Toy Boxes: Letting the Child be more Important than the Project

One of the hardest things as a parent can be letting a child “help” with something you are building for them.  Over the last few weeks I have put together 3 toy boxes out of scraps from the shop for my 4 youngest kids and some of them have wanted to “help” paint.  

6 Year Old Girl’s Toy Box

As a matter of fact, my 6 year old painted most of hers by herself.  I touched up a bit after she was done, but I let the paint job be hers.  Which is a little hard after being so careful with all the little details I put into it, and having visions of a fun distressed antique finish.  Gotta let it go, she’ll remember getting to help more than she would be grateful I did something amazing for her.   And it’s ok, it’s her toy box and she feels like she did a fantastic job on it.  This is her putting on some stencils.

Let’s take a look at how she did!  She chose Aqua milk Paint, a local store was selling their inventory for half price, so I stocked up.  The first photo is how much she did of the blue before giving up, keep in mind milk paint is a bit difficult to paint with, it’s a flat paint so it drags as you go.

We turned it upside down a few days later so she could paint the legs and bottom.  I just sanded everything lightly and put a clear coat of Varathane acrylic poly on it.

4 Year Old Twin’s Toy Box

I took a slightly different tack with the twin’s toy box….I let them paint a base coat of their choosing…..then snuck out the next day and tamed it down a little with a chippy top coat.

You can see their personalities in how they followed instructions.  I told the girl in pink to paint the inside panel pink ;0). And the girl in green to paint the trim green, which she did very a good job of, considering she’s 4 and was using a chip brush.  Milk paint is a good choice for little helpers, the big glops sand down pretty easy….or you leave some of them as part of the “charm.”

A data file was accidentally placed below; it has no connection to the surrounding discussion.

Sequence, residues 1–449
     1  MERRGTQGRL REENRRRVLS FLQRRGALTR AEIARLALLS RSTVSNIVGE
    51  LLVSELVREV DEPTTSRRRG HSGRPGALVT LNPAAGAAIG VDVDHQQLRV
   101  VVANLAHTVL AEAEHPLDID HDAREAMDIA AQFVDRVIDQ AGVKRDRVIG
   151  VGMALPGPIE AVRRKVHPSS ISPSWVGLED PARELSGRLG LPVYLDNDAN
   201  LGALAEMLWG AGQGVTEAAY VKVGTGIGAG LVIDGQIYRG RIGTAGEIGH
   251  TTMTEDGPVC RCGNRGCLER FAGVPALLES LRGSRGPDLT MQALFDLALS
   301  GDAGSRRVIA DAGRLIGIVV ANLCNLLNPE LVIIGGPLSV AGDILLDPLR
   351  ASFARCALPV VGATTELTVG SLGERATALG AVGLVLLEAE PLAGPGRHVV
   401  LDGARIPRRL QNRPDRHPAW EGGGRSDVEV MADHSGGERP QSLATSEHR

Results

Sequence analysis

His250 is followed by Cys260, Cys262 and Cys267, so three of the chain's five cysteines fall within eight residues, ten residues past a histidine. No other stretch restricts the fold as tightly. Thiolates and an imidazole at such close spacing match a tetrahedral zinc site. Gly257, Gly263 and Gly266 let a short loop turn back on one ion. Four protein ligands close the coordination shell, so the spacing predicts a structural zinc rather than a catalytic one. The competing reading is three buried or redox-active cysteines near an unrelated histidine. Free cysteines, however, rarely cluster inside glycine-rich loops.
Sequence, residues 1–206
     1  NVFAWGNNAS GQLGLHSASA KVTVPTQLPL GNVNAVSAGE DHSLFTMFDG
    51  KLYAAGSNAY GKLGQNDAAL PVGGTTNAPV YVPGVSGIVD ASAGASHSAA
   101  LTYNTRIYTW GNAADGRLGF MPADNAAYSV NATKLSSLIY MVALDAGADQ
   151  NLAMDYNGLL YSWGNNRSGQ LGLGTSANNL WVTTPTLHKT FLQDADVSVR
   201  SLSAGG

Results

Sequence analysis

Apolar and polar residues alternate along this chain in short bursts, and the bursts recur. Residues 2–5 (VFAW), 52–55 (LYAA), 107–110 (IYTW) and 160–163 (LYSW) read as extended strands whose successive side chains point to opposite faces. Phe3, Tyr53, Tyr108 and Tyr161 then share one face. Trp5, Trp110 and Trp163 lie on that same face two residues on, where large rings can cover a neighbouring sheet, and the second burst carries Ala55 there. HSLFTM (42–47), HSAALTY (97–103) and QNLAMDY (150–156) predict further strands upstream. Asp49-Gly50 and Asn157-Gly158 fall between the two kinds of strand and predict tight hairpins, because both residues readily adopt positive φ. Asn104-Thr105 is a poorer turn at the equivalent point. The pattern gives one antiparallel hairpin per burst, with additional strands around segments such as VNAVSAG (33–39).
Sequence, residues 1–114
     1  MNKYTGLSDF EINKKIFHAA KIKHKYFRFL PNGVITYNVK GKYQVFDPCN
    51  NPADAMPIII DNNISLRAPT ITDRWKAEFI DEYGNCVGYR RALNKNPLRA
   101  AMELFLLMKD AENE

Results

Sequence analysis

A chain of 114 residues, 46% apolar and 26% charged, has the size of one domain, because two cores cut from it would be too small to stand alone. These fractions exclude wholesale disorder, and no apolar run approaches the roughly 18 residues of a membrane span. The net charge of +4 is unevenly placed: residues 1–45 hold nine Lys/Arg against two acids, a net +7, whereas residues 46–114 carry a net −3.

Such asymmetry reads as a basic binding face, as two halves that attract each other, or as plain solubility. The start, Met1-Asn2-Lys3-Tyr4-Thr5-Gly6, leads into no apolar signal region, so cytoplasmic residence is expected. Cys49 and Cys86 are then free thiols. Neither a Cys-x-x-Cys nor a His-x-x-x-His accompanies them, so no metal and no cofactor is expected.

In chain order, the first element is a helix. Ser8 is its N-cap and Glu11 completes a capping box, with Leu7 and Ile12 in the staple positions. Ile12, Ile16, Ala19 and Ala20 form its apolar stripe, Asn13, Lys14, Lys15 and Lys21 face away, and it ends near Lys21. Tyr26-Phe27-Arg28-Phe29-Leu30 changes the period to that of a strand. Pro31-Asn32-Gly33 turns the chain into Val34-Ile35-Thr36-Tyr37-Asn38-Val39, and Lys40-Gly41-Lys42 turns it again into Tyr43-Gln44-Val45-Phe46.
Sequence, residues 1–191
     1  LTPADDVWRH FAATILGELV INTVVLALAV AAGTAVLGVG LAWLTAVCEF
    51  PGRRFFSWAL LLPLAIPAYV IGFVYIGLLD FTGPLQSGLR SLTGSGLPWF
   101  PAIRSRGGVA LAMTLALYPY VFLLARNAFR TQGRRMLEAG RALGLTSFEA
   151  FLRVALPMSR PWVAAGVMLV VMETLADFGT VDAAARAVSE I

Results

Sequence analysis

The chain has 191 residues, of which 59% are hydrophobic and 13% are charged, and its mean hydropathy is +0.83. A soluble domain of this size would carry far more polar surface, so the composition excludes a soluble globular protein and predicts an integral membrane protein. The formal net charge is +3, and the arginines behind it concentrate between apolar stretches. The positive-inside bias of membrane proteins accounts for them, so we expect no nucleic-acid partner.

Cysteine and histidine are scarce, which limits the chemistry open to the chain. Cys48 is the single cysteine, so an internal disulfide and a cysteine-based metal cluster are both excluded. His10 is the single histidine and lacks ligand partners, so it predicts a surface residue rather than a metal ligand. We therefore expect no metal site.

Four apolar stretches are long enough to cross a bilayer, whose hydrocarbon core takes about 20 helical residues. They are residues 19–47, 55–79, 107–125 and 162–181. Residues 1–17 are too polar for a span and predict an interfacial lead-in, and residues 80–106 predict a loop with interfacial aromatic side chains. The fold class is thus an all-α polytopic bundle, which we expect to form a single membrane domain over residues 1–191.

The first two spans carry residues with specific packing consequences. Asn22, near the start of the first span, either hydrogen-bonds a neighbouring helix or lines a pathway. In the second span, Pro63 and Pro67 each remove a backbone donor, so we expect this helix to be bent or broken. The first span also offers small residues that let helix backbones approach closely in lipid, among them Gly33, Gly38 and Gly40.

Green girl saw me go out to paint the next day, grabbed her container of green and was determined to help again….I side tracked her by saying she could paint anything she waned out of the scrap bin.  She took me at my word and got to work until she was out of paint.

First I added a layer of hemp oil using a rag and chip brush, let that sit for a couple hours then got the paint ready.  I added some white to the rather bright pink paint we used the day before and used an altogether different light green over the top.

On the two large pink sides, the paint really didn’t want to stick.  That’s part of the fun of using milk paint, you’re never quite sure how it’s going to react…You try to influence it, but you never know until you put it on.  The hemp oil must have been a little thicker in the places it didn’t want to stick.  I used a hair dryer and heater as it was drying to encourage chipping.

Once it was dry I just sanded it lightly to distress the edges, remove any loose paint and smooth things over a hair.  Then blew it off with the compressor and added a topcoat of Varathane acrylic poly.

7 Year Old Boy’s Toy Box

My boy was perfectly happy to choose his colors and let me paint his box!  This makes everything easier for me, and he likes it so everybody wins again!

He came out to inspect as I was getting started and we decided that we could leave the inside white since he would be putting legos in it and that would make it easier to find what he was looking for.   He wanted gray and the blue I painted his bed, can do!

Finally, he wanted some lightening on the sides.  After listing the paint I had available in the cupboard, he settled on orange.

Putting the stencil on took about 5 minutes once I had it cut.  I just used a make up sponge and with a rag to blot, dabbed it on then went back over it a second time before moving on to the next side.

Now maybe we can get some of the toys out of the living room and into these kids bedrooms!!  It’s a hope anyway ;0)

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